Review: A Million Ways To Die In The West ★★☆☆☆


A million jokes fall dead as Seth MacFarlane offers up his second feature film as director, and first as live-action star. We follow MacFarlane’s Albert Stark, a self-proclaimed ‘man out of time’, who is constantly disillusioned by the brutality of living in the Wild West, and is heartbroken due to a recent split with his girlfriend. On paper, the premise of the film looks promising. Taking into account the involvement of an all-star cast, and due to the success of MacFarlane’s previous effort Ted, it was likely that A Million Ways to Die in the West would be a great comedy. This simply makes the final result all the more disappointing, with talented actors being wasted on a poorly conceived script that is full of uninspired jokes.

That’s not to say that all of the jokes completely fail. But for every joke that hits, there’s about twenty that don’t. This wouldn’t be such an issue if the film was edited more in the vein of MacFarlane’s Family Guy TV series, with quicker cuts so that we can move on to the next gag quickly if the last didn’t work so well. Instead, A Million Ways to Die in the West is overly long, and a lot of scenes are unnecessarily drawn-out, with jokes often being repeated way too many times. We’re given the pleasure of seeing Neil Patrick Harris defecate in a hat not just once, but twice. If you didn’t think that seeing a sheep penis was funny the first time, then you get to see four more of them. One of the relationships in the film is entirely based on one joke that is revisited repeatedly and soon grows tired – Sarah Silverman plays a Christian prostitute who wants herself and her virgin boyfriend (Giovanni Ribisi) to wait until marriage to have sex.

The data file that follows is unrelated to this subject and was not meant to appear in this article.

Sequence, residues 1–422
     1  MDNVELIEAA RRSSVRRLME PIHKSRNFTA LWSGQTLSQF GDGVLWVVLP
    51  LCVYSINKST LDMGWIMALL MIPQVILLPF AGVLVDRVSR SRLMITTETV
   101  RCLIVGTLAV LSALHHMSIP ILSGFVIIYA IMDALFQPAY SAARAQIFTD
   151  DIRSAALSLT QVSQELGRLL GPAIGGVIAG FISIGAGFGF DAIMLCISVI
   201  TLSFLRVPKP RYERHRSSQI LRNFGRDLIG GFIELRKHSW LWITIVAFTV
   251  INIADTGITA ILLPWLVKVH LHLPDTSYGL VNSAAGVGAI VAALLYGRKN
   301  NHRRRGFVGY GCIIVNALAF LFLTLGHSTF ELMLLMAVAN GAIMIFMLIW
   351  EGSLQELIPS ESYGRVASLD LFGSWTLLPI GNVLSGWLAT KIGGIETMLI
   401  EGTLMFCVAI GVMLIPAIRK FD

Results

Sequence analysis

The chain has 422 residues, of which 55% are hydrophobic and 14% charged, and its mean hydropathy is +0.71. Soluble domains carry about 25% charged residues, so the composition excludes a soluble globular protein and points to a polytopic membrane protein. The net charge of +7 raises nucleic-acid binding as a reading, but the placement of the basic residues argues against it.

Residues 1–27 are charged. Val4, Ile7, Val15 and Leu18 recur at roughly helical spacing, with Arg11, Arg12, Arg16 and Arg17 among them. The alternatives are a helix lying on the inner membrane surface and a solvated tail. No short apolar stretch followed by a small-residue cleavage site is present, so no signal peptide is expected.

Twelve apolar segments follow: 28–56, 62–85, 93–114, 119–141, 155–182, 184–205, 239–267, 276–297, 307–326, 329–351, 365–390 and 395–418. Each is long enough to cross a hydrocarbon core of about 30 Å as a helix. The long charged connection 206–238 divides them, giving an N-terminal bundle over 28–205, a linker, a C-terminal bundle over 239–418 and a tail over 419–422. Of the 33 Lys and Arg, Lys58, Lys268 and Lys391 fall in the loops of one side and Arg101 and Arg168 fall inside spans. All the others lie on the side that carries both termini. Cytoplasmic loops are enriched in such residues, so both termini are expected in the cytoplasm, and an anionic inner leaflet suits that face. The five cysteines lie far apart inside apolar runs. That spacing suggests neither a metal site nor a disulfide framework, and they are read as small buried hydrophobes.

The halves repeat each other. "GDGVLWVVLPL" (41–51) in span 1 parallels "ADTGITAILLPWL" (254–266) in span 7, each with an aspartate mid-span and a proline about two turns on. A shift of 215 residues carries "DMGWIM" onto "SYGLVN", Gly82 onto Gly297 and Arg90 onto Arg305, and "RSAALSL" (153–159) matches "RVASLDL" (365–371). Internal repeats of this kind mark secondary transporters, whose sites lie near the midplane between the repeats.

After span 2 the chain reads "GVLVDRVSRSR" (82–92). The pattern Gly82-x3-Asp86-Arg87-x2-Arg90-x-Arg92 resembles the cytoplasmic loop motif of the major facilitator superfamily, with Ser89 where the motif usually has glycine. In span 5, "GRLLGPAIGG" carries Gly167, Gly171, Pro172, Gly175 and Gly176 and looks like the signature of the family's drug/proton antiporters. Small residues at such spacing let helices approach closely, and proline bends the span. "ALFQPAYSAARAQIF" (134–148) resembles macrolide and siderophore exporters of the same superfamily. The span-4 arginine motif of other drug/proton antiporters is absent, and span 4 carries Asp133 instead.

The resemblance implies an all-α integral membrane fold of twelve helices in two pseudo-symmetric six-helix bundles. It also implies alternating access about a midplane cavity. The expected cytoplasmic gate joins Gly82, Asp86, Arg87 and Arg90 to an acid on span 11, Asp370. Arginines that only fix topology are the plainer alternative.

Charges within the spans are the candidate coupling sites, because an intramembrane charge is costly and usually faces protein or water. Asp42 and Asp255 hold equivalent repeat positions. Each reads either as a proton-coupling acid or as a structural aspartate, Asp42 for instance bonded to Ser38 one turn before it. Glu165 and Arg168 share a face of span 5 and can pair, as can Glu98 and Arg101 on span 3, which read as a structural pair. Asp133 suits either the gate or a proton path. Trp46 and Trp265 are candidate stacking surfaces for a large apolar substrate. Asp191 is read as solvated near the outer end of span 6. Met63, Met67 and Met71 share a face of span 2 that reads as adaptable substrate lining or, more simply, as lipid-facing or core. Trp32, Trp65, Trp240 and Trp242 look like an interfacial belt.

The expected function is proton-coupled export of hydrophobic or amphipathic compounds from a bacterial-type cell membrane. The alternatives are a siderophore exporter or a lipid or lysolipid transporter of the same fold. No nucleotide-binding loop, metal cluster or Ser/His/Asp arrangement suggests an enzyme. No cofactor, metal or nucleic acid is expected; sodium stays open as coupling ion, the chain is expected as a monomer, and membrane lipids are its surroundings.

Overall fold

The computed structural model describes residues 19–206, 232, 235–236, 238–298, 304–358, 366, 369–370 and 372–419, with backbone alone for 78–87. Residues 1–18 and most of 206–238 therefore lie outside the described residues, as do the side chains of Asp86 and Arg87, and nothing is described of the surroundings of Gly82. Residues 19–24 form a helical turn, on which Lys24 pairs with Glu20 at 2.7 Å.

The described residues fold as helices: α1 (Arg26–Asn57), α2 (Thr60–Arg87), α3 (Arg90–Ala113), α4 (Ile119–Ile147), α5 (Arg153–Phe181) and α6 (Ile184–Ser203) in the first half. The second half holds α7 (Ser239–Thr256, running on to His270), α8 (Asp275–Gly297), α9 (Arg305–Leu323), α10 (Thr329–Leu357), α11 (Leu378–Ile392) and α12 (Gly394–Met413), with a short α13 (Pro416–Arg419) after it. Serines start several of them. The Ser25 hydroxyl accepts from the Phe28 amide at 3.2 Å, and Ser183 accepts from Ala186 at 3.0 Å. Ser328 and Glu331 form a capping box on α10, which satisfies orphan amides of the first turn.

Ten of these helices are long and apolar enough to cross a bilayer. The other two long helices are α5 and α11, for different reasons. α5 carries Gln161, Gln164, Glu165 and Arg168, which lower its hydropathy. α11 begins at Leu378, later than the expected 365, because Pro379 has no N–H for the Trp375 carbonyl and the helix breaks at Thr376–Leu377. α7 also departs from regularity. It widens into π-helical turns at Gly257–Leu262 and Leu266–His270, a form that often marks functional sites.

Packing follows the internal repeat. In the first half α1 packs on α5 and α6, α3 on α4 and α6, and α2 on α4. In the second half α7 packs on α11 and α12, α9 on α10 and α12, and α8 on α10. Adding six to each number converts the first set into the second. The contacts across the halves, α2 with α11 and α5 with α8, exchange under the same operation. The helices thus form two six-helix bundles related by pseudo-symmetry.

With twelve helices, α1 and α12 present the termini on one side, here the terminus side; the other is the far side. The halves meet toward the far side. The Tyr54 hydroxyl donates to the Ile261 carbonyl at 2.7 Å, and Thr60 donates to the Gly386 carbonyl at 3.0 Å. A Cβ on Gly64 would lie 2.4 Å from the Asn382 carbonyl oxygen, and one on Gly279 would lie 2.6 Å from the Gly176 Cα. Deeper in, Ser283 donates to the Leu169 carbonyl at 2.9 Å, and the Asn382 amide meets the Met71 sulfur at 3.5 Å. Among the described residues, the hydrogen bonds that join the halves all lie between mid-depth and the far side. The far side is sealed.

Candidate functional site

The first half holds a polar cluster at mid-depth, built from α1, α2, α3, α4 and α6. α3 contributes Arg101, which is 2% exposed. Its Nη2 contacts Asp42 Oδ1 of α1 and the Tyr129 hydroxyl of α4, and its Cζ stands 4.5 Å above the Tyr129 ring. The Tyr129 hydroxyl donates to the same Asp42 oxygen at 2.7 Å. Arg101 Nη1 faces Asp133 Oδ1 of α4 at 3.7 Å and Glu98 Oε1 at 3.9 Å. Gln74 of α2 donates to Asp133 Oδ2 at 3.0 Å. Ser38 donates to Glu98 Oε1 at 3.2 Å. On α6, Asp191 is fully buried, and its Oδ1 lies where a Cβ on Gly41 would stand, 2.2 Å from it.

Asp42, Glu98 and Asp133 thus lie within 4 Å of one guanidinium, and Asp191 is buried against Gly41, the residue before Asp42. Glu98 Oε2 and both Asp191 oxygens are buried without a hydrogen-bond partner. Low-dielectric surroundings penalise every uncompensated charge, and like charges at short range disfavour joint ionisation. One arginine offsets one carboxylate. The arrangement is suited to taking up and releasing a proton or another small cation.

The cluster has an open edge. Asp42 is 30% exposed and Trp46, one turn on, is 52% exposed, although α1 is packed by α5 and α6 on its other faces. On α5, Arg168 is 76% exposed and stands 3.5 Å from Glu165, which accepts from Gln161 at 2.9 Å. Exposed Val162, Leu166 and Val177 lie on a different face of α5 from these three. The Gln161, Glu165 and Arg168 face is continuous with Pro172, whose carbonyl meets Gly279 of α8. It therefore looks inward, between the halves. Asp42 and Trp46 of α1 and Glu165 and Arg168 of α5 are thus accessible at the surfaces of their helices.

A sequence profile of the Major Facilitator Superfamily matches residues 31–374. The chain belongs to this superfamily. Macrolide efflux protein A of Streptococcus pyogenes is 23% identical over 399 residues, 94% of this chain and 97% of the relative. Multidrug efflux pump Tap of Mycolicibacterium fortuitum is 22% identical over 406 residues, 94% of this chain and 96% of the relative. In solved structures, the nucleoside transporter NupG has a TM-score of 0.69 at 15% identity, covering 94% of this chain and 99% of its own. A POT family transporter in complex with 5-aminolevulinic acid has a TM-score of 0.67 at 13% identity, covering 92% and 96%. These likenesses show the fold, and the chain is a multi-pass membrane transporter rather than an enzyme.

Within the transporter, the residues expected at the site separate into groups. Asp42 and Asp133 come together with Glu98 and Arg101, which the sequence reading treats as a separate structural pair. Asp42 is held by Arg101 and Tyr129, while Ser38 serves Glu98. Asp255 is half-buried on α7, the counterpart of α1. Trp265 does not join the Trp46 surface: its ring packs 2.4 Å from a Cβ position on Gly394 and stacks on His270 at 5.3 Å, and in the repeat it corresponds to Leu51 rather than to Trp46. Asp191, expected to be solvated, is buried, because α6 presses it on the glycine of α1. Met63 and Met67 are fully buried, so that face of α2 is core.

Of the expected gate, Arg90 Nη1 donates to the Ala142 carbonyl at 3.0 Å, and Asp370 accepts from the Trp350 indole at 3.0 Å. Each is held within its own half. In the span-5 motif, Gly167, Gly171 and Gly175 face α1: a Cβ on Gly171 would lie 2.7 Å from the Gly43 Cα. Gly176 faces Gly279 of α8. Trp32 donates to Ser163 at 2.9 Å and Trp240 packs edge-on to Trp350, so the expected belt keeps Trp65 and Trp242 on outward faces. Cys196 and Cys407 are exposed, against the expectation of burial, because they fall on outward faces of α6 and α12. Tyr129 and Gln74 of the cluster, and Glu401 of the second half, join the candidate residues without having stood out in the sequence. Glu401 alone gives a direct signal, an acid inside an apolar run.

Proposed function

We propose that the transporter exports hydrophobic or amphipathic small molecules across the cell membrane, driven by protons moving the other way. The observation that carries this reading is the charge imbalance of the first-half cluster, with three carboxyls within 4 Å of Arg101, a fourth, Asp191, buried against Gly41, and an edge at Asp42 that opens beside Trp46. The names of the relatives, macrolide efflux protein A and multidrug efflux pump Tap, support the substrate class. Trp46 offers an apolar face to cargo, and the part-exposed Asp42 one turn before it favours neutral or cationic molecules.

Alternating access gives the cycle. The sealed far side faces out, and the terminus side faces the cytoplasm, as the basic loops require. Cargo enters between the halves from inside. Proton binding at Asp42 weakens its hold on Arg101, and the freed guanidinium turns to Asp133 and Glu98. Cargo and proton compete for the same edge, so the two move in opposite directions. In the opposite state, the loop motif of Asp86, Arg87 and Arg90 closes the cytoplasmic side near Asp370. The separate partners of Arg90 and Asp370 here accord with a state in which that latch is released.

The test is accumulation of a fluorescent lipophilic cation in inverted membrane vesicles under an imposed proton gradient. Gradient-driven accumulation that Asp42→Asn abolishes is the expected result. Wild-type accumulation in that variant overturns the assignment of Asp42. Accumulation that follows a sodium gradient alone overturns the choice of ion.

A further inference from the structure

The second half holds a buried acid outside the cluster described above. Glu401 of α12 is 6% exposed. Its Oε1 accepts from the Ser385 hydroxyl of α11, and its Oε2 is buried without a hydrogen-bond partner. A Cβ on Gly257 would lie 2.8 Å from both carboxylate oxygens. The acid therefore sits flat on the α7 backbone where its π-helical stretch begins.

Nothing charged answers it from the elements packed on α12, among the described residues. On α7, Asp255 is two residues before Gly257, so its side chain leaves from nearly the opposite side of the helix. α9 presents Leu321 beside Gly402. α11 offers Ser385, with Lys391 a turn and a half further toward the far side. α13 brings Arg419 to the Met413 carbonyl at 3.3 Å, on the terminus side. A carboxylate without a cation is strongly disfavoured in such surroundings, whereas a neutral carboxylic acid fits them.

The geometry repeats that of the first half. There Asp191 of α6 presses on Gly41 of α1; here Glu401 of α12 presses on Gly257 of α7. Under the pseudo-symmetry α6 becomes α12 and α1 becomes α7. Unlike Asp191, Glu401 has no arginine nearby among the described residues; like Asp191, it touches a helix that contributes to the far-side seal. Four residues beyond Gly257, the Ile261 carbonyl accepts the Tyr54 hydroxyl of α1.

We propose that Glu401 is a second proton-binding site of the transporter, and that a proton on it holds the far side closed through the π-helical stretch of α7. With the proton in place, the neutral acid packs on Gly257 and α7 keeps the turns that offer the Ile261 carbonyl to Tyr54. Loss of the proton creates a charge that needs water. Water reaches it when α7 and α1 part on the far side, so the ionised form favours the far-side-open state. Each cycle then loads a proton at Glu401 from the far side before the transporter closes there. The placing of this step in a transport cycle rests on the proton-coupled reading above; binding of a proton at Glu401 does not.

Other cast members include Amanda Seyfried, who plays Stark’s ex-girlfriend, and really is given nothing at all to do here. Neil Patrick Harris’ performance as her new moustachioed boyfriend Foy is one of the few saving graces of the movie, with his reactions to his own jokes being some of the funniest content by far. Clint Eastwood’s turn as ‘the Man with No Name’ from classic western The Good, the Bad and the Ugly is riffed on as Liam Neeson portrays bandit Clinch Leatherwood. Neeson, similarly to Seyfried, isn’t given anything particularly funny to do, and instead just seems to represent a basic caricature of a villain. It’s Leatherwood’s wife – played by Charlize Theron – who provides the core romantic entanglement of the film, as we see her befriend Stark and teach him how to shoot a gun. This is where the film enters rom-com territory, as we witness the relationship between Theron’s Anna and MacFarlane’s Stark grow, with Anna continually seeming to find Stark hilarious. The problem is, while Theron may be laughing at all of MacFarlane’s jokes, the laughs for the audience really don’t land at all.

Most of the time, MacFarlane ditches the slightly more intellectual humour of Ted and Family Guy for what is essentially an abundance of fart jokes. Of course, this kind of toilet humour is by no means always terrible – classic Mel Brooks western comedy Blazing Saddles features a genuinely funny scene in which a bunch of cowboys are eating beans while sitting around a fire and blowing wind. The difference is, while Brooks included a scene that accurately mocked a trope that was heavily featured in classic western movies, MacFarlane here is seemingly including fart jokes for the sake of it, and they soon become boring and unnecessary.

While there may be a few redeeming qualities – amongst them some great shots of Monument Valley, and a score that is reminiscent of the quintessential western movies – MacFarlane’s follow-up to Ted ultimately fails, lacking the heart of his previous film. Stark is often an unlikable protagonist, and MacFarlane’s comedic delivery isn’t as strong as it is when he voices animated characters. Let’s hope that Ted 2 fares better.

A Million Ways to Die in the West (2014), directed by Seth MacFarlane, is distributed in the UK by Universal Pictures, Certificate 15. Watch the trailer below:


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